DeSantis warns Hurricane Ian will bring ‘catastrophic’ storm surge, flooding

Florida Gov. Ron DeSantis with Kevin Guthrie, director of the Florida Division of Emergency Management, during a news conference on Sept. 26 in Largo.

Florida Gov. Ron DeSantis’ message on Hurricane Ian was clear on Tuesday morning: “It is now a major hurricane.”

That was his first message during a Tuesday morning briefing in Tallahassee as the storm churned roughly 200 miles south of the Florida Keys, and slowly moved north at about 12 miles per hour into the Gulf of Mexico as a Category 3.

“There is still uncertainty with where the exact landfall will be, but just understand the impacts are going to be far, far broader than just where the eye of the storm happens to make landfall. In some areas, there will be catastrophic flooding and life-threatening storm surge,” DeSantis said.

The 500-mile wide storm, with sustained winds of roughly 125 miles per hour, is expected to intensify into a Category 4 storm and impact the entire state. The National Hurricane Center is predicting landfall near Venice. While nearly the entire coast of the state could see storm surge, Tampa Bay could see 5 to 10 feet of water above dry land and up to 2 feet of rain.

DeSantis urged Floridians to heed the warnings of local and state officials, and said over 2 million people are under some type of evacuation order.

Roughly 90 nursing homes and assisted-living facilities have also been evacuated, state officials said, though it is unclear exactly how many residents were evacuated from those locations.

“Mother Nature is a very fearsome adversary so please heed the warnings,” he said. “You don’t need to evacuate to another state. You don’t need to go hundreds of miles away. There are shelters that are open at all of these counties at this point.

“If you’re under an evacuation order, evacuate to higher ground,” he said. “That is going to be safe from the type of surge and flooding that we’re hearing with this storm.”

During the morning briefing Florida Emergency Management Director Kevin Guthrie, stressed that Tampa is not yet out of the woods, and it should still expect to have “storm surge.”

Guthrie urged Floridians in the southwest counties to evacuate to Palm Beach, Broward and Miami-Dade.

“Do not try to go north,” he said, noting that it will help with traffic management. He added that fuel should be available as people evacuate.

‘The Gulf is going to be very angry’

DeSantis warned that the storm will bring life-threatening conditions.

“The Gulf is going to be very angry as this comes in,” he said. “And so the danger to life and limb is really from that surge and from that flooding, more so than the wind.”

DeSantis continued to urge Floridians in “vulnerable” areas to evacuate and find a safe shelter during a press conference later Tuesday in Sarasota with local officials.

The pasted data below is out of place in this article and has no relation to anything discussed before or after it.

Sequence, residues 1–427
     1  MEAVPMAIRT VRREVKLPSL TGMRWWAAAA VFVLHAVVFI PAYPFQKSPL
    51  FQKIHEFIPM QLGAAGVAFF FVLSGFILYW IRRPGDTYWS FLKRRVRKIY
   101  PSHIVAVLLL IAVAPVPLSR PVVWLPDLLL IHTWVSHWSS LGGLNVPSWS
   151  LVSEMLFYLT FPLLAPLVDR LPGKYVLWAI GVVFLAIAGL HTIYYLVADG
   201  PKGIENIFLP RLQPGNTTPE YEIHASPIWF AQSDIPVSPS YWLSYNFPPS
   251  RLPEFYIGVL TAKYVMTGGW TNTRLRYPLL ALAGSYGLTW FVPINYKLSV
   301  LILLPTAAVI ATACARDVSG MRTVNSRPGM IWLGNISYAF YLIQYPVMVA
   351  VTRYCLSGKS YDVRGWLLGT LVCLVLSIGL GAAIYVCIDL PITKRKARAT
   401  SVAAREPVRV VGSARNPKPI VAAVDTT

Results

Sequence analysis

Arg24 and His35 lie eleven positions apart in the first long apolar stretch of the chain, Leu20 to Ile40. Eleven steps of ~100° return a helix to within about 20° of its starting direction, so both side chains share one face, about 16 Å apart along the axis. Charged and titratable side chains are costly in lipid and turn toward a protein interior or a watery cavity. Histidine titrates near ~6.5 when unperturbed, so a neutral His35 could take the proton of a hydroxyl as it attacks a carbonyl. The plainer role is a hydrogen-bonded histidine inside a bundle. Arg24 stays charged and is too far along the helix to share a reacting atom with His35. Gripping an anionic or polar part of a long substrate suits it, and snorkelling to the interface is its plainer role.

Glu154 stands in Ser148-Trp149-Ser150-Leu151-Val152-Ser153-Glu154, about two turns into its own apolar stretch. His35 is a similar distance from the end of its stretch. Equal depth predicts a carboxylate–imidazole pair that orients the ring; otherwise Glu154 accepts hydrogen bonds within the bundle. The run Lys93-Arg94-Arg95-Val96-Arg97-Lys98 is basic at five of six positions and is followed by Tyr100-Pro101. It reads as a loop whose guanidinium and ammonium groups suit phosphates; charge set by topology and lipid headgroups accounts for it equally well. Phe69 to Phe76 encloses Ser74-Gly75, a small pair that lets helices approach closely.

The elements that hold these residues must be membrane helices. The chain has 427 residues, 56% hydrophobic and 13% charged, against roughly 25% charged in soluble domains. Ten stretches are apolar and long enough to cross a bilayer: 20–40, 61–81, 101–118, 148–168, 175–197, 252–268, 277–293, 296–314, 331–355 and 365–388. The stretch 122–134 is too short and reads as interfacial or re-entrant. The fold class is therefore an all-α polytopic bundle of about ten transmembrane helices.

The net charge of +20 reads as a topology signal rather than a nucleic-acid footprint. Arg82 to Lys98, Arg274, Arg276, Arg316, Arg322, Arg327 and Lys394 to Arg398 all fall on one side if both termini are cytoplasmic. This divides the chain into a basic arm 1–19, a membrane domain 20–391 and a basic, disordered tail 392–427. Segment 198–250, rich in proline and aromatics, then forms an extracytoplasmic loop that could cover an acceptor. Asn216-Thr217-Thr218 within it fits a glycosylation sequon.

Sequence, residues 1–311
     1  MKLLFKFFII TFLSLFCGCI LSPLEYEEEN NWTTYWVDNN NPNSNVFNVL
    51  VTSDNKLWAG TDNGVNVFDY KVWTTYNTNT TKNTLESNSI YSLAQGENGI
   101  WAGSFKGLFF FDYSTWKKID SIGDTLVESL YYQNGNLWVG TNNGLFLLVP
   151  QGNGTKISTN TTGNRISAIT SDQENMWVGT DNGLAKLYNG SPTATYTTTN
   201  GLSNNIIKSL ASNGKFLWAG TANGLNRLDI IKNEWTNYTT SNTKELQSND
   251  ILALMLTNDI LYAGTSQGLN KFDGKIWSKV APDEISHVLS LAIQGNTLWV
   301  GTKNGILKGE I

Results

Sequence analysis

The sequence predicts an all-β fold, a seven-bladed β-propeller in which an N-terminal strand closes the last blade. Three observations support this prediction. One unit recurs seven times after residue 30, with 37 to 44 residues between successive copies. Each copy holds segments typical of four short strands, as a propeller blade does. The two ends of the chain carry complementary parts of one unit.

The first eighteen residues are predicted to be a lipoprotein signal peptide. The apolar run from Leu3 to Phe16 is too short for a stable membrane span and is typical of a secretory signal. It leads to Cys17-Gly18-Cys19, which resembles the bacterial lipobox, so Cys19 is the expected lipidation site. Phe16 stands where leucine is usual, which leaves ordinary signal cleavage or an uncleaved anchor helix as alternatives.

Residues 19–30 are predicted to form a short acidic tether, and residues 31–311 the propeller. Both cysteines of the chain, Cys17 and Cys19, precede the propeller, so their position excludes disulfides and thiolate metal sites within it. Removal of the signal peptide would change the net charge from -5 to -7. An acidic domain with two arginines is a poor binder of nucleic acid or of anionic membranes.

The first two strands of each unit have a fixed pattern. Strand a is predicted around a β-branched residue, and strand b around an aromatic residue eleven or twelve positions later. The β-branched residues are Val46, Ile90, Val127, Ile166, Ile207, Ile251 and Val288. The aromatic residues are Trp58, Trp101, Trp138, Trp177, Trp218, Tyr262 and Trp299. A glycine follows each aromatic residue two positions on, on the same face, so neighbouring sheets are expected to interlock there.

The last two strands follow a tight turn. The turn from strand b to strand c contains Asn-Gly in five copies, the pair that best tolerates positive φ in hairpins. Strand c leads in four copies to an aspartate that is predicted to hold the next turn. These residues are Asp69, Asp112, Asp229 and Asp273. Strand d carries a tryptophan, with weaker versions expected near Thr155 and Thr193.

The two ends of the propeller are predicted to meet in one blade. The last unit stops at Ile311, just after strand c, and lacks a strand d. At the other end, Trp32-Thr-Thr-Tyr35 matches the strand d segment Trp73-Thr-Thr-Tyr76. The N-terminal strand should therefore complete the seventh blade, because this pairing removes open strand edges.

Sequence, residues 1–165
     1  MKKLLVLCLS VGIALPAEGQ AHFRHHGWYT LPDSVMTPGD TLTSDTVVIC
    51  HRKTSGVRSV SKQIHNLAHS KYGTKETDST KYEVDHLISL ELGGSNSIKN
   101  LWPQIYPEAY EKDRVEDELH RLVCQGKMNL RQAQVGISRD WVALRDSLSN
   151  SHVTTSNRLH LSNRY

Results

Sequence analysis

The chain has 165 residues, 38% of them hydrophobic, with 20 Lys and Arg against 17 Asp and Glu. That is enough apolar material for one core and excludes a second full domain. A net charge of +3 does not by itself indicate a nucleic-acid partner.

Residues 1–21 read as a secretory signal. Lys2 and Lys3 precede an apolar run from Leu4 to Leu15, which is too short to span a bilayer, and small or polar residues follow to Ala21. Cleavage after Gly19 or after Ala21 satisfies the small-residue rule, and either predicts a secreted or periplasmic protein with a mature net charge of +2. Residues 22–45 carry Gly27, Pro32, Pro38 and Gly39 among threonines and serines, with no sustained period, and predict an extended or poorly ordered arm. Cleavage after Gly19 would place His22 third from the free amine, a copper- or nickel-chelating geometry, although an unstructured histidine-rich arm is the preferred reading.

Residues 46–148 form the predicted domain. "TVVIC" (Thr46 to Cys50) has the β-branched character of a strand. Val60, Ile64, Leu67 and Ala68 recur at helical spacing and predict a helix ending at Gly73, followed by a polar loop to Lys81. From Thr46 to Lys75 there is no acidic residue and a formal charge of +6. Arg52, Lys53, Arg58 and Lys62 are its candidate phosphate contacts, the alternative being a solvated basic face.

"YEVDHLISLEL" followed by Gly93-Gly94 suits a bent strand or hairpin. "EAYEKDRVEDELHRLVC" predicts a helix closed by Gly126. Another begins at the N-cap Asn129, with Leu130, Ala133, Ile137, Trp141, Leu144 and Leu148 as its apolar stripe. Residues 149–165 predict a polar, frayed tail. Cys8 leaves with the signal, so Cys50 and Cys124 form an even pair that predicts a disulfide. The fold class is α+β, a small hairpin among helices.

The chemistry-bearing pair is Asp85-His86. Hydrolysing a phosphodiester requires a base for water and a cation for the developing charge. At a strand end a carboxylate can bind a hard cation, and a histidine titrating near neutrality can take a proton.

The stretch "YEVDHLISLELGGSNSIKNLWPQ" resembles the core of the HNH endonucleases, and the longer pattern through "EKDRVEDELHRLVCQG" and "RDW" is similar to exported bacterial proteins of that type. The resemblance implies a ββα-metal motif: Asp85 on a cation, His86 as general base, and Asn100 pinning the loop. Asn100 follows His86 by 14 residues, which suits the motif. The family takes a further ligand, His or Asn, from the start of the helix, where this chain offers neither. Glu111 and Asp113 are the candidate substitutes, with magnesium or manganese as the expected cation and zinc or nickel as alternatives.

“If you are going to an evacuation center, eat before you go. Bring your emergency kits, including bedding, a flashlight and toiletries. You are going to get 20 square feet of space there,” said Ed McCrane Jr., Sarasota County’s emergency management chief. “You can bring a pet. Every single evacuation center in Sarasota County is pet friendly.”

Power outages and interruptions to fuel and communications are to be expected, DeSantis said during the morning press conference. But the state, communications and utility companies are ready to respond to restore services as quickly as possible.

Guthrie, however, warned some areas in the state could lose power for up to a week, depending on the situation.

“If you are a medically dependent resident and you depend on electricity, you need to start seeking shelter now,” Guthrie said at the noon press conference. “Go to a friend, or family member or seek shelter.”

As people evacuate, Guthrie encouraged Floridians to keep their gas tanks half full to allow shorter lines at gas stations, or their electric vehicle batteries half charged at all times.

The changing path of Ian has made the current forecast much better for North Florida, but increasingly dire for the central Gulf Coast area, and puts in play to a larger degree places like Fort Myers and South Florida, which is already seeing rain from the storm’s outer bands.

DeSantis made the comparison to Hurricane Charley in 2004, the last major storm to directly hit Florida’s southern Gulf Coast.

That storm created huge wind damage, but the governor said that if the track remains where it is today, the region should expect more flood than wind damage from Hurricane Ian.

“Make sure you’re executing your plans,” DeSantis said. “This is imminent.”